Source: Massey University – 1080 milk threat likely to be personal, not political
The perpetrator of the 1080 infant milk formula threat is likely to be acting from a personal rather than political motivation, says Massey University forensic psychologist Dr Mei Williams.
“The threat appears to be more personal than political, and is an act of aggression to harm those he or she feels has been harmed by,” Dr Williams says.
“They may have experienced a beloved animal die in severe pain from 1080 poisoning – hence the anger towards the authorities and the desire for revenge. For this reason, I don’t see it as a group but rather an individualised act, and in some ways has a similar feel of extremist groups believing the end justifies the means.”
She thinks the act appears to be triggered by a personal issue because “the person, or people, see their relationship with animals as more important than human relationships – hence the threat of harm to babies through poisoning of formula.”
Dr Williams says suggestion of the threat being linked to the loss of a pet through 1080 poisoning is a possible explanation. “For some people, pets are like family, or the pet is a like a baby or child. To lose a pet in this way, especially where there is a strong attachment, could fuel extreme emotions and lead to anti-social behaviour.”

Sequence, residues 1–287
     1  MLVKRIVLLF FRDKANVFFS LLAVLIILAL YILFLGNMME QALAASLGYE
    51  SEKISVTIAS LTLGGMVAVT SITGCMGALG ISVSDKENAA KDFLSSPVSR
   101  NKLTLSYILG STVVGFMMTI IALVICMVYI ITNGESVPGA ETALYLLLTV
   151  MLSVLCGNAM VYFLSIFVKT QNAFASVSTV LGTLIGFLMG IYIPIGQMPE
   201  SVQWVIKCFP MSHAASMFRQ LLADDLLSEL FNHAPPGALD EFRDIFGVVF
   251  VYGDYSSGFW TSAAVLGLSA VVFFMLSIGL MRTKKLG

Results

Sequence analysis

In trying to determine how such a person might be feeling in the wake of the media storm, she says they may feel a sense of satisfaction and empowerment at having created this devastation and fear. “Obviously such person would not experience a lot of empathy for other people.”
She doesn’t think the term ‘eco-terrorist’ is fitting because; “there is something honourable in that label. There’s nothing honourable in what this person has done.”
“Another reason I don’t see it as political so much is that the person has not thought through the ramifications of these threats, such as a backlash by the public. It’s very difficult to see how you can evoke public sympathy for such an extreme act.”
She stresses that her comments are her own opinions based on the information available, and on her clinical experience working with offenders, as well as her academic research on criminal psychology.
Dr Williams is a senior lecturer in the School of Psychology at Massey University’s Auckland campus. Her research interest is in criminal psychology, with particular emphasis on theories of crime, outcome evaluation of offender treatment programmes such as sexual offending against women and children, violence and assault, and relapse prevention as well as most areas of criminal justice research. Clinical interests are also in pain assessment and treatment, neuropsychological assessments and treatment of adult mental health problems. Her PhD thesis explored the link between self-control and criminal behaviour.